David Beard:

We had a number of primary elections this past Tuesday. But most importantly, we actually had a special election in Minnesota for the 1st district. So what happened there, Nir?

David Nir:

So this was a special election for the vacancy in Minnesota's 1st congressional district that was held by Republican Jim Hagedorn, who died earlier this year. And Republican Brad Finstad defeated Democrat Jeff Ettinger by a 51-47 margin. And you might ask, why do we think it's so important to talk about a race where a Republican held a Republican seat? The answer is that this is rather conservative turf in southern Minnesota. It includes the city of Rochester and also a lot of rural areas as well. Donald Trump won this district by a 54 to 44 margin in 2020. So he won it by 10 points. Finstad only carried it by four points, which means he ran six points behind Donald Trump. And simply put, that kind of underperformance is not the sort of thing that you would expect to see if the GOP supposedly is facing a favorable political environment for them, if they are on the verge of benefiting from typical midterm patterns, which invariably almost always harm the party that is in control of the White House.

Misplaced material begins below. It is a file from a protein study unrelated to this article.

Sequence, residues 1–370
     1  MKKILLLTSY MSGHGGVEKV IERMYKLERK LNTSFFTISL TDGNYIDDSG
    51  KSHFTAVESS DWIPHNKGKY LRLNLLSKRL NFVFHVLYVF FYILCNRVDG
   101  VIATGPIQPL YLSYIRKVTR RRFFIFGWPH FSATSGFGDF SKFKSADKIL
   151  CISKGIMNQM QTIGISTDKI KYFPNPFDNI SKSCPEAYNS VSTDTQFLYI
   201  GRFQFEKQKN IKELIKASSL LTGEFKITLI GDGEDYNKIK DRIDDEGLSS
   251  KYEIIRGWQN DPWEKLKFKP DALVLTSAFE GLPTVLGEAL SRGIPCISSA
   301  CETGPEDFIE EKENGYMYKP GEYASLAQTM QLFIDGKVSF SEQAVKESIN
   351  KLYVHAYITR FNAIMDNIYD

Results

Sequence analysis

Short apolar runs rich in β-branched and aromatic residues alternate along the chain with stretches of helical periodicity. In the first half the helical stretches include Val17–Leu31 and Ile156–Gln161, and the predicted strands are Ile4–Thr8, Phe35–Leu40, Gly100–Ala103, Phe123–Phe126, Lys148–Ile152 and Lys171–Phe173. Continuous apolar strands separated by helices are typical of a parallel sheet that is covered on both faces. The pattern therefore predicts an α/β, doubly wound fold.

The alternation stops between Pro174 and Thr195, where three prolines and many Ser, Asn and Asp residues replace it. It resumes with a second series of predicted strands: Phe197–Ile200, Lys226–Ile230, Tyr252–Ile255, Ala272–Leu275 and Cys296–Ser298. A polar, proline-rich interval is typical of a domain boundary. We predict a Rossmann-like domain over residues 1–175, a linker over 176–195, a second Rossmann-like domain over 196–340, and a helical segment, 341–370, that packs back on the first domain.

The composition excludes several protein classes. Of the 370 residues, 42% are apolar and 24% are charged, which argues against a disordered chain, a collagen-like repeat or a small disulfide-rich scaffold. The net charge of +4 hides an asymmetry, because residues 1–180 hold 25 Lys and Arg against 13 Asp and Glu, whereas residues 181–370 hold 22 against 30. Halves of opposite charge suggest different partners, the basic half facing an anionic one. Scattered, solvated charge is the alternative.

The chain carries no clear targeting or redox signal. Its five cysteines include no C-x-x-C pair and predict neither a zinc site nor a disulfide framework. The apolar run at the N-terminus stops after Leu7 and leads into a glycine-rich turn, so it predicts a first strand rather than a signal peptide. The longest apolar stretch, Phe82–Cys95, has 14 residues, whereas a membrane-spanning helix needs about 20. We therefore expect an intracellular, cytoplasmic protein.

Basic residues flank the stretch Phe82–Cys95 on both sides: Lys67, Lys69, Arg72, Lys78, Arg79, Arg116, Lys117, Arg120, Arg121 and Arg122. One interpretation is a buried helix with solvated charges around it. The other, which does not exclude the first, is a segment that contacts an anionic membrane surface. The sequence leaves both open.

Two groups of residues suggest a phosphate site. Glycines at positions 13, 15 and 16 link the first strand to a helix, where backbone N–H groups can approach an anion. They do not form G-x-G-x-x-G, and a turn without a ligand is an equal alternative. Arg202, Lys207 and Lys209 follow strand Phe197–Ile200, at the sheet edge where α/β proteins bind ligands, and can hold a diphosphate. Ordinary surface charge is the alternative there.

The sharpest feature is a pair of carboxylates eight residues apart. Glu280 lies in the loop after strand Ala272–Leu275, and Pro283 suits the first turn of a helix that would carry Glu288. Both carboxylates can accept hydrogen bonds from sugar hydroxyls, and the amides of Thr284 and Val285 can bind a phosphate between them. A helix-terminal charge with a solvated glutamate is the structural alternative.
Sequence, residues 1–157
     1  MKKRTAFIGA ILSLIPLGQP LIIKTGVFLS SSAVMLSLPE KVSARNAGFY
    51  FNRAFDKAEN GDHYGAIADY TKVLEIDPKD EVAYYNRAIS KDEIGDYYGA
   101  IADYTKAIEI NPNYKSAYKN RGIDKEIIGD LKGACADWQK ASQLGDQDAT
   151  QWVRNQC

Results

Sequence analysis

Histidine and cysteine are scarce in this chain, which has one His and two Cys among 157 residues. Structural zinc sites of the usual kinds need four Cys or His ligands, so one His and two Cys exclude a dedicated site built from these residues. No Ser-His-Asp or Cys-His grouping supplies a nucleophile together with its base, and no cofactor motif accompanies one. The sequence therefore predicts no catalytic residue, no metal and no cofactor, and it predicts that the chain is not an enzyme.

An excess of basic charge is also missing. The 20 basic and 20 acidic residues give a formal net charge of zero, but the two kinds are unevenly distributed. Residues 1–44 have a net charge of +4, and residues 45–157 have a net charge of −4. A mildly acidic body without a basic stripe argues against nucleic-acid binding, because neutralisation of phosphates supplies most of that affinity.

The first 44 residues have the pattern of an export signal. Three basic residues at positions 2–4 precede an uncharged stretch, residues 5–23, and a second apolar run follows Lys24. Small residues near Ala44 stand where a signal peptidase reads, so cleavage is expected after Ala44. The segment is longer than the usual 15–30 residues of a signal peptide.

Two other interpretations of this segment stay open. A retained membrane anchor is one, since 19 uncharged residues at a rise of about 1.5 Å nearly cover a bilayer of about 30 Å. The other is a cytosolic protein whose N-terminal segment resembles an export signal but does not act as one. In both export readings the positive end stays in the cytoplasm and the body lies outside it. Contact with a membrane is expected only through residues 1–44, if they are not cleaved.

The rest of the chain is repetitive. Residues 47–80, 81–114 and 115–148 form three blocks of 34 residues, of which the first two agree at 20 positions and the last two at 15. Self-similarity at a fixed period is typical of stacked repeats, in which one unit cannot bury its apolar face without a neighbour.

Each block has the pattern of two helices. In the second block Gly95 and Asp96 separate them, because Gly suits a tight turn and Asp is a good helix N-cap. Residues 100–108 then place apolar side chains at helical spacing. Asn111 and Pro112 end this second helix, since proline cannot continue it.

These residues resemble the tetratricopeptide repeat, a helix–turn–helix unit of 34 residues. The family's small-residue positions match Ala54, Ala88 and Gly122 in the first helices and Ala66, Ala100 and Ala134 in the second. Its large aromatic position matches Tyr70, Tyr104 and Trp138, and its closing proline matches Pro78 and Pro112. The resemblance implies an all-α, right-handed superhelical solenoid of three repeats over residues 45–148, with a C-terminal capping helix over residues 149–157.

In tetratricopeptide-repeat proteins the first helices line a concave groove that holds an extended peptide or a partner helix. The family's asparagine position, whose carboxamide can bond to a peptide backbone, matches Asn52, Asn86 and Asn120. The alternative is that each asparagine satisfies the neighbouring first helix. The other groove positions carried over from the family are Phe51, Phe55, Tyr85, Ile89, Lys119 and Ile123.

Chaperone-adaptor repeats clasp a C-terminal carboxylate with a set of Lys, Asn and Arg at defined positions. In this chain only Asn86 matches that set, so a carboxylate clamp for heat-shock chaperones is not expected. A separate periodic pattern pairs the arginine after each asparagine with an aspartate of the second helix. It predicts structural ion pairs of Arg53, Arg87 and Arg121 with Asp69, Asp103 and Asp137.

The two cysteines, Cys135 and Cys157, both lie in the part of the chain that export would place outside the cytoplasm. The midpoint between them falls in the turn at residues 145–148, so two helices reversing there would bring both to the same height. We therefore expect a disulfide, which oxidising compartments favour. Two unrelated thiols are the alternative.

David Nir:

That really isn't what should have happened. Finstad should have won by at least Donald Trump's margin, if not by a bigger margin. Now, this is a district that has been home to very close House races for the last three election cycles. So even though this district has moved sharply away from Democrats at the presidential level, it still often is likelier to vote for Democrats further down ticket. However, this is not the only recent data point we have that is confounding our expectations of what the 2022 election will look like. At the end of June, just four days after the Supreme Court's Dobbs ruling, Nebraska held a special election in the similarly conservative 1st district, and the results were almost exactly the same. The Republican there ran six points behind Donald Trump. And then of course, last week, we saw the incredible 18-point victory in Kansas to defeat an amendment that would've stripped the right to an abortion from the state constitution.

David Nir:

So now we have three data points suggesting that maybe there really has been quite a shift in the political environment since the Supreme Court's ruling in the Dobbs case, overturning the right to an abortion. I don't want to draw too many conclusions as a result of such a small sample size, but we are about to have a whole bunch more data come in. In fact, there are three more special elections coming up in just the next two weeks. Next week, we have Alaska's at-large special election. And two weeks from now, we have two special elections in New York in the 19th district and the 23rd district. The 19th district is really going to be one to watch here. This is a seat that the Democrats hold, it's quite a divided swing seat. But the Democrat who's running in this race, Pat Ryan, has really made abortion a central issue in this race. He's run ads on it. He's really called it a referendum on abortion rights. And I think we're going to get a really good window into just how the Dobbs decision is affecting the electorate in a couple of weeks.